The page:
Connect with us
Advertisement
Advertisement

Farming

Disappointing progress on Bovine TB

Published

on

TB financially cripples farms: Dr Hazel Wright

THE WELSH GOVERNMENT’S flagship bovine TB data document – TB Dashboard – has revealed disappointing progress towards the eradication of bovine TB in Wales.

According to the data presented, the levels of bovine TB in Wales have remained fairly static overall, with variable results across the counties.

Indeed, whilst the TB Dashboard document reports a general fall in TB herd incidence since 2012, the number of cattle slaughtered in the 12 months leading to January 2017 was 22% higher than in the previous 12 months.

Dr Hazel Wright, FUW Senior Policy Officer, said: “Although the data from TB Dashboard shows improvement in some areas, the number of cattle slaughtered remains on the rise. According to Welsh bovine TB statistics, with the exception of 2008 and 2009, the number of cattle slaughtered in the 12 months to January 2017 was higher than in any other year since 1996.

“Recurrence rates have remained relatively flat in recent years, however almost 30 percent of the TB incidents closed in 2014 entailed a recurrence in the subsequent two years.

“Losing TB-free status is devastating to farming families and their businesses. The restrictions on a farm business can be incredibly destructive and it is extremely distressing for our members to have worked hard to gain TB-free status, only to lose it again in the subsequent years.

“A TB breakdown is not only financially crippling for the farm, but also impacts more widely as struggling farm businesses are less able to contribute to the both the local economy and further afield.”

According to Dashboard, over 80% of new TB incidents are in the areas classified as ‘High TB areas’, including Pembrokeshire in the West. In the last quarter of 2016, there were 71 new incidents in this region. Whilst this is a minor improvement from the year before, the longer term results are variable and suggest that cattle measures alone cannot work to eradicate TB.

The latest official report on the IAA, published after the cessation of the £3.7 million badger vaccination programme in North Pembrokeshire, concluded that ‘consistent trends in indicators of bovine TB incidence have not yet been seen’ over the 5 year period examined.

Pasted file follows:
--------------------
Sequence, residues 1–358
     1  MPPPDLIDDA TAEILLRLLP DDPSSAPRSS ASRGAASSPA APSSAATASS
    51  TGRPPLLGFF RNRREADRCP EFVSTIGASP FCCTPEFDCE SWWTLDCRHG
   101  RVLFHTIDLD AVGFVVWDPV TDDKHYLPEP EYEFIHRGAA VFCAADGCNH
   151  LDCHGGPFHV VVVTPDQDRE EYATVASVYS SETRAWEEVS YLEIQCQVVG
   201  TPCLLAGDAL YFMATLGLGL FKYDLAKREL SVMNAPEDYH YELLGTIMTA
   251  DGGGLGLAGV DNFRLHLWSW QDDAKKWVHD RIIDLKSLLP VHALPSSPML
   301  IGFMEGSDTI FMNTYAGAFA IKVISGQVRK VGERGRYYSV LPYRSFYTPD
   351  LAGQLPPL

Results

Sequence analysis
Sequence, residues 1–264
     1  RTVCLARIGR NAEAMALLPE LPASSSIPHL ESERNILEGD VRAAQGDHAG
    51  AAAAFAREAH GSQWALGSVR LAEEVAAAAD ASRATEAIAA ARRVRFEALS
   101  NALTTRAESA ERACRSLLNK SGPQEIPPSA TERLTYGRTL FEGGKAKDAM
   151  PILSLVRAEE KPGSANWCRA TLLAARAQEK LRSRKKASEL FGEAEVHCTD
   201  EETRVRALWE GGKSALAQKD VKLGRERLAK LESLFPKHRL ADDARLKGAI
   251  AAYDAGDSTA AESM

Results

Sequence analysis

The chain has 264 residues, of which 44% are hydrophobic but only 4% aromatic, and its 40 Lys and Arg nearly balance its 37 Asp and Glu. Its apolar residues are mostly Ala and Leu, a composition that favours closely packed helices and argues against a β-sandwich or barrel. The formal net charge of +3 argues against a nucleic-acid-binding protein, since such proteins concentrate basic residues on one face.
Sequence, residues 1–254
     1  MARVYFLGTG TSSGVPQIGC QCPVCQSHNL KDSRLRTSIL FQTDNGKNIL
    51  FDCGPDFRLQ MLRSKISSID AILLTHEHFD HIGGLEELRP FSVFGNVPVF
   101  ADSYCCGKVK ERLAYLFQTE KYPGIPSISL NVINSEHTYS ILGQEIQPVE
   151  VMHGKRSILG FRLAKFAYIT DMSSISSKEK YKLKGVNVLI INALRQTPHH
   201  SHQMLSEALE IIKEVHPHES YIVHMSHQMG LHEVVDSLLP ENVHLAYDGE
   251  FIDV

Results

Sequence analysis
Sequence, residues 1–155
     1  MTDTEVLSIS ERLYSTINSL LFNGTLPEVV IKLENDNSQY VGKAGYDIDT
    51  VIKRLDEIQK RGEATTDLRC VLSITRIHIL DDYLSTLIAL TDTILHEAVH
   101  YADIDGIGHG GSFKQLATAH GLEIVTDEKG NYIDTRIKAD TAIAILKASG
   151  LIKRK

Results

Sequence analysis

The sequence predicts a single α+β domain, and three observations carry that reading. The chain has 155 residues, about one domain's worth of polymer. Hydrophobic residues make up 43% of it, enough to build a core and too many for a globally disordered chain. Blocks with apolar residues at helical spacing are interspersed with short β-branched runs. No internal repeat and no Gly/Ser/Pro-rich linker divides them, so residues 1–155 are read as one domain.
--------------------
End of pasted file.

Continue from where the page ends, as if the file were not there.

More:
“The industry is well aware that the results after four years of badger vaccination in the IAA showed levels of bovine TB which are no different to other comparable areas where badger vaccination did not take place.

“The number of cattle herds registered in Wales has declined by 43 percent since 1996 and the industry has lost dairy producers at an alarming rate. Bovine TB is one of the most serious issues facing Welsh cattle farmers and a more holistic approach, which seriously tackles the wildlife reservoir, is required urgently,” added Dr Wright.

Continue Reading
Click to comment

Leave a Reply

Your email address will not be published. Required fields are marked *

Farming

Access to EU Single Market and Customs Union critical for rural Wales

Published

on

Brian Thomas: ​​FUW Deputy President

N​EWS that Northern Ireland could be granted access to the European Single Market and Customs Union shows that it is possible to achieve what the Farmers’ Union of Wales has been calling for since the EU referendum.

Speaking from his farm in Pembrokeshire, ​​FUW Deputy President Brian Thomas said: “Different parts of the UK can’t be treated differently and we therefore call on the UK government to ensure that Wales, given its heavy reliance on red meat exports to the EU, is given the same treatment. Should this deal be offered and come to fruition we fully expect to have the same offered to us.

“In the farming community there is a real sense of worry, alarm and anger about the state of Brexit negotiations, and how the current state of play compares to what was promised by many before the referendum.

“And whilst we recognise that the Irish border situation presents some unique challenges that need to be overcome, rural Wales has challenges of its own, such the economic challenges we have long highlighted. We need to recognise the impact that failure to secure such access and reach agreement for Wales could have. Denying Wales access to the Single Market and Customs Union would have catastrophic consequences, as recently highlighted in scenarios from the FAPRI and Horizon reports.”